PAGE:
Press Release 94-47
Lori J. Rachul
NASA Lewis Research Center Awards High-Speed Propulsion Contract
Cleveland, OH -- NASA Lewis Research Center today announced the signing of a $266 million contract to the industry team of GE Aircraft Engines and United Technologies' Pratt & Whitney for work on the critical propulsion components technologies for a 21st century High-Speed Civil Transport (HSCT).
The goal of NASA's High-Speed Research Program is to conduct research that can produce a future supersonic airliner that will be environmentally friendly and will operate at air fare costs levels very close to subsonic airliners.
GE Aircraft Engines, Cincinnati, Ohio and Pratt & Whitney, East Hartford, Conn., will work together to develop the technology required for the key propulsion components -- ultra-low nitrogen oxides (NOx) combustors and low noise exhaust nozzles, mixed-compression inlets and low-noise fans.
The eight-year, cost-reimbursement contract will be managed by NASA's Lewis Research Center, Cleveland, Ohio. The work will be performed at GE Aircraft Engines plant in Cincinnati; Pratt & Whitney facilities in East Hartford and West Palm Beach, Fla.; and NASA Lewis. Work is already being performed under a letter contract signed in June 1994. This action definitizes that letter contract.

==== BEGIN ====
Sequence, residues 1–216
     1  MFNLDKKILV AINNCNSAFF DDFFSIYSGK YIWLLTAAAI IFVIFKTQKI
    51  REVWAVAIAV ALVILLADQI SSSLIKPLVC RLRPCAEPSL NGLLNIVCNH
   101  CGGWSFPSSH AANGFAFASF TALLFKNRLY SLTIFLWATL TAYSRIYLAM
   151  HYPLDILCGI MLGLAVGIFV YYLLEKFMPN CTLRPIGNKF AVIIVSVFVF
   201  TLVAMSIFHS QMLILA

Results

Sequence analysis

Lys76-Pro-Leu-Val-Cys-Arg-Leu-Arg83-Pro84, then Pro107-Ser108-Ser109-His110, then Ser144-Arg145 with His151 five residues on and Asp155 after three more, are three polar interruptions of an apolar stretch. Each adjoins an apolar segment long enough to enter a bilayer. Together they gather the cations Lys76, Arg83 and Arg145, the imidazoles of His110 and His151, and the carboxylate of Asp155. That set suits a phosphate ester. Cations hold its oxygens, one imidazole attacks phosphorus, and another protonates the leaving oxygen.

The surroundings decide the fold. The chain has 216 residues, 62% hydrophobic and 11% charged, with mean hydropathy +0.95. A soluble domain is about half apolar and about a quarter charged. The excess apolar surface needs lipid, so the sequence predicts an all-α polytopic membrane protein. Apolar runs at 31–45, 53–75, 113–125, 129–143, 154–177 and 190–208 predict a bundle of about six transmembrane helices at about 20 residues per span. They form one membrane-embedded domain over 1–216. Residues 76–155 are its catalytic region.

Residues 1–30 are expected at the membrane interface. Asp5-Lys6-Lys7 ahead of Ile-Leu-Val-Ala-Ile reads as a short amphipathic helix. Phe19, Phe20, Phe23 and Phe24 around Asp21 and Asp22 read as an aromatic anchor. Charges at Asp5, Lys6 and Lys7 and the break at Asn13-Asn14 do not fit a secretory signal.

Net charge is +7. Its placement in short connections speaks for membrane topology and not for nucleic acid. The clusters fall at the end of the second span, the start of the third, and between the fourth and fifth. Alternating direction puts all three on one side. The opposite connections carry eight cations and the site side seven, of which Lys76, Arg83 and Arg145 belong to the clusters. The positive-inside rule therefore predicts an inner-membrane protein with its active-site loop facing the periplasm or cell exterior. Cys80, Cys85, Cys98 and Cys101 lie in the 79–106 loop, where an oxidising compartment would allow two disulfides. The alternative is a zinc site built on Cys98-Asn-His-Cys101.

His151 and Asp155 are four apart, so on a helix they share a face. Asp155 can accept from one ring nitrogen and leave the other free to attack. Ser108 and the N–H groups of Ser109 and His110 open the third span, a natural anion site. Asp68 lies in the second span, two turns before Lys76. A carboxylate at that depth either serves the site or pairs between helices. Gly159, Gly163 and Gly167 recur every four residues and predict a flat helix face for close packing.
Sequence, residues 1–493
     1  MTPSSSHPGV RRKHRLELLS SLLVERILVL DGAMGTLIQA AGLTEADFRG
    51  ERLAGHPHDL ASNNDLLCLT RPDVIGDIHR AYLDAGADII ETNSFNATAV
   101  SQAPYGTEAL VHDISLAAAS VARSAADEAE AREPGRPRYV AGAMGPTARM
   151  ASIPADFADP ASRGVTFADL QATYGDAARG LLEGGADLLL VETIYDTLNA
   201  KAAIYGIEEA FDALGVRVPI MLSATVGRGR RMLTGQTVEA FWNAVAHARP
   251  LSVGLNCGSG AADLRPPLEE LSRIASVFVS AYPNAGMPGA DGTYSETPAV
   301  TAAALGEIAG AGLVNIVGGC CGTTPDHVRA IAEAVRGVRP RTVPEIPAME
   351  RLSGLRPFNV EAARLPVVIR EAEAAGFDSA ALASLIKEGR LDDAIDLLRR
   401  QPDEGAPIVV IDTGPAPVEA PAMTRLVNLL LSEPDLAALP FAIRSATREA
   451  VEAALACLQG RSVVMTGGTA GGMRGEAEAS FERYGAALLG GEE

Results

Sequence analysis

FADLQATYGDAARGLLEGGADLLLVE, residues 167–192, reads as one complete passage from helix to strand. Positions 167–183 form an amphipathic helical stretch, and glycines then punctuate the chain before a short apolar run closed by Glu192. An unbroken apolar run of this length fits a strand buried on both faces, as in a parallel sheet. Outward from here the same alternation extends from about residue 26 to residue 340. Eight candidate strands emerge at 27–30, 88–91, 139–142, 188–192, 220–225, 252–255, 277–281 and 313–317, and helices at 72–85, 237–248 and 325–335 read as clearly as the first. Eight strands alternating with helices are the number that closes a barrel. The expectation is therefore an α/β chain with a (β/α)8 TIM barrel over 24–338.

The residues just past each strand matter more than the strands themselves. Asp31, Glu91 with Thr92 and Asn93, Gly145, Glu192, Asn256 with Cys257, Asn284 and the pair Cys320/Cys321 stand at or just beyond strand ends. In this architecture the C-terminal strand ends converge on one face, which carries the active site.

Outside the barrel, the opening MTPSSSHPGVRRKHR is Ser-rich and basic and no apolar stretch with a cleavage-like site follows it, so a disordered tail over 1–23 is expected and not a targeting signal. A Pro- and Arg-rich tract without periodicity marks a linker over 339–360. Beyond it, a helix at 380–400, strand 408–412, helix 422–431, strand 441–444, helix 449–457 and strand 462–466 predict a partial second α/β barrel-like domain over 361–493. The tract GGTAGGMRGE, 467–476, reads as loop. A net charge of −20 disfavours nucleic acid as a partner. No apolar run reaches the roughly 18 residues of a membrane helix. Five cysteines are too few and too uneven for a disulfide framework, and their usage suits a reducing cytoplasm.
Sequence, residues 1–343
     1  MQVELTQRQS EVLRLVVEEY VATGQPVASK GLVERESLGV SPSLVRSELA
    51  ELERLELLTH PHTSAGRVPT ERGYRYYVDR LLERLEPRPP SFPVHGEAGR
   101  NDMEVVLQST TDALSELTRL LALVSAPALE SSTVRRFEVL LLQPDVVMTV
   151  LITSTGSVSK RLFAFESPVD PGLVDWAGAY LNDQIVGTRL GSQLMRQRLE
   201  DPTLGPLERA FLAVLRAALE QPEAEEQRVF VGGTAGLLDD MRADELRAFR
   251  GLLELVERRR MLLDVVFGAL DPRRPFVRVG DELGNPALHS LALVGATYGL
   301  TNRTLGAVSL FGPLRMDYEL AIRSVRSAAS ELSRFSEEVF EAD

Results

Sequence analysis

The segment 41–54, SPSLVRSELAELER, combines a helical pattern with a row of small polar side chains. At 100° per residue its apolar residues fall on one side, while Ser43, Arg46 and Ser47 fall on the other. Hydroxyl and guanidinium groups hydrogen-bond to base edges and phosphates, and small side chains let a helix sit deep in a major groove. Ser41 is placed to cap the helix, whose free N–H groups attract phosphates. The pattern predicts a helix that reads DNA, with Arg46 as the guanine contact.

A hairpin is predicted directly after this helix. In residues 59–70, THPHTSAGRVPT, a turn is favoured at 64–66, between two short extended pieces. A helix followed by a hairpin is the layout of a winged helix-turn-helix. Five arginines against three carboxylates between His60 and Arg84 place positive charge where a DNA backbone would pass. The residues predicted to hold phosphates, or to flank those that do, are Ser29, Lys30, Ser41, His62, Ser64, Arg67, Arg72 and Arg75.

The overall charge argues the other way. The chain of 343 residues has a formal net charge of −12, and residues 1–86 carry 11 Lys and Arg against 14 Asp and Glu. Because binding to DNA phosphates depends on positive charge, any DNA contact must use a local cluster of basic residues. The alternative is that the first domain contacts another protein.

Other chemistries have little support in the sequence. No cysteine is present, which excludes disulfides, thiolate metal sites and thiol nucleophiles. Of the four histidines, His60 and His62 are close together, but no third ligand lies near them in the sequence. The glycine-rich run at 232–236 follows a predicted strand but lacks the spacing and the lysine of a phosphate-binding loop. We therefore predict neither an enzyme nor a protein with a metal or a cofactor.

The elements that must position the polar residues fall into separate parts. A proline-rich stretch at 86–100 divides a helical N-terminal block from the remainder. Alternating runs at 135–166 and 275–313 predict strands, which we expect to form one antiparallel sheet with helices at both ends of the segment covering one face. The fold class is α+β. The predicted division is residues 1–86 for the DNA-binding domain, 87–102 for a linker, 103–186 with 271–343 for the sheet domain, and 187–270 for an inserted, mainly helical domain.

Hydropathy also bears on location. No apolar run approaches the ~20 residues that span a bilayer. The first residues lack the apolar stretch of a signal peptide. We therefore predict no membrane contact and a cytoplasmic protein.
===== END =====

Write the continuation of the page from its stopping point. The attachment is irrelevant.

Other companies supporting the GE/Pratt & Whitney team include Boeing Commercial Airplane Group, Seattle; McDonnell Douglas Aerospace, Long Beach, Calif.; and Allison Gas Turbine Division, General Motors Corp., Indianapolis.
The Critical Propulsion Components (CPC) Program will utilize the results of previous and ongoing High-Speed Research propulsion system work to focus this technology program on the most promising engine concepts and on the key technology needs of the HSCT.
The key to a viable future supersonic airliner or HSCT is the propulsion system. The CPC Program will provide a technical foundation that the nation's aerospace companies can use to make intelligent business decisions regarding HSCT.
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